Boston Ballet’s ‘Next Generation’
By MARCIA B. SIEGEL  |  March 12, 2008
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Quo vadis?

“Next Generation” is the kind of ballet-program title that might have you asking yourself what happened to “This Generation."
Boston Ballet’s ‘Next Generation’
By JEFFREY GANTZ  |  March 10, 2008
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Gods and monsters — and David Hasselhoff

The Museum of Fine Arts did big things with Napoleon and Edward Hopper, pictures of prostitutes graced the walls of Boston’s two biggest art museums, and all hell broke loose when the Mooninites invaded.
Art: 2007 in review
By GREG COOK  |  December 17, 2007


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Holiday books

Okay, we admit, we went a bit crazy this year.
Coffee-table madness
By PHOENIX STAFF  |  December 03, 2007

Silent Theater: The Art of Edward Hopper by Walter Wells


Phaidon | 264 pages | $69.95
By JEFFREY GANTZ  |  December 03, 2007
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Senior years

These are the BU Evergreeners — chatty and well-dressed, brandishing ballpoints and Starbucks.
Look to your left; look to your right; one of you will break a hip this semester
By EVA WOLCHOVER  |  August 15, 2007
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Digital or timeless?

Garrison Keillor went into one of his trademark reveries and began to tell us about Tanglewood’s “designer” fireworks.
‘Opening Night at Tanglewood,’ the Dutch and the Danes at Jacob’s Pillow, ‘The Unknown Monet’ at the Clark
By JEFFREY GANTZ  |  July 18, 2007
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Seal of approval

Photographer Philip-Lorca diCorcia is a safe, easy choice for the new ICA’s first big artist retrospective.
The ICA plays it safe with Philip-Lorca diCorcia
By GREG COOK  |  June 06, 2007


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Hopper speaks

I recall meeting an artist who hung with Edward Hopper during the summers he spent on the Lower Cape.
Plus the original Rin Tin Tin
By GERALD PEARY  |  May 29, 2007

Meat takes heat

Regarding your recent editorial, “Global Warming," I want to add another reason for hope.
Letters to the Boston editor, May 18, 2007
By BOSTON PHOENIX LETTERS  |  May 16, 2007
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Local color

It’s an art-world misconception that, to champion local art, you have to grade on a curve.
The 2007 DeCordova Annual Exhibition
By GREG COOK  |  May 08, 2007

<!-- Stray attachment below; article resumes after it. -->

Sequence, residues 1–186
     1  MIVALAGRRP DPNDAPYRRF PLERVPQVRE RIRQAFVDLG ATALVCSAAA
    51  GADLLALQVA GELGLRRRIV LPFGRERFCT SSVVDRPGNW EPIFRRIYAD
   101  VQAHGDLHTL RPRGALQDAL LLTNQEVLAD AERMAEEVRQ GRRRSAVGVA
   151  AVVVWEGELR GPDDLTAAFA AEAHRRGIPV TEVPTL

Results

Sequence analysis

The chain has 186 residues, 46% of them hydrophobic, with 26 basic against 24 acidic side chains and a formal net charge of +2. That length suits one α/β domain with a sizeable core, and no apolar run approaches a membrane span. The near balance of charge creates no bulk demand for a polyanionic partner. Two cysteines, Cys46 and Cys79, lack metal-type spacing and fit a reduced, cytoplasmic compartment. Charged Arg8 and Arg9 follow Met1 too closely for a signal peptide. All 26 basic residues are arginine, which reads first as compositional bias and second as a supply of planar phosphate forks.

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Visions of isolation

In Edward Hopper’s world, everyone is lost in an unending rut of office overtime, rattling El trains, cheap fluorescent diners, and bad dates.
Edward Hopper's master works at the MFA
By GREG COOK  |  May 02, 2007
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Radical dude

Cameron Jamie grew up in the ’burbs.
Cameron Jamie at MIT, Edward Hopper at the MFA, and the 2007 Annual at the DeCordova
By RANDI HOPKINS  |  April 24, 2007


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Going deep

A gaggle of big solo shows share the art waves with that powerful influx of computer-reliant art known as the Boston Cyberarts Festival this season.
One-person shows dominate, Cyberarts proliferate, and a few artists collaborate
By RANDI HOPKINS  |  March 13, 2007
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The late show

Boston lives after 2 am. It’s just a different city, more of a landscape than a community. Audio Slideshow: Allston, 2 to 6 am Audio Slideshow: Cambridge, 2 to 6 am Audio Slideshow: Downtown Boston, 2 to 6 am
Boston, from   2 am to 6 am
By CAMILLE DODERO, MIKE MILIARD, AND WILL SPITZ  |  January 31, 2007
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Origin of species

When in 1976 Jennifer Bartlett premiered her epic painting Rhapsody, John Russell, the chief art critic of the New York Times, proclaimed it “the most ambitious single work of art that has come my way since I started to live in New York." “Jennifer Bar
Jennifer Bartlett’s breakthrough masterpiece and photographers of the future  
By GREG COOK  |  October 18, 2006

The dog ate my relationship

I got the dog. Or, I should say, we got the dog since this is a joint venture into insanity that includes Cowboy.
Bramhall Square
By CAITLIN SHETTERLY  |  August 02, 2006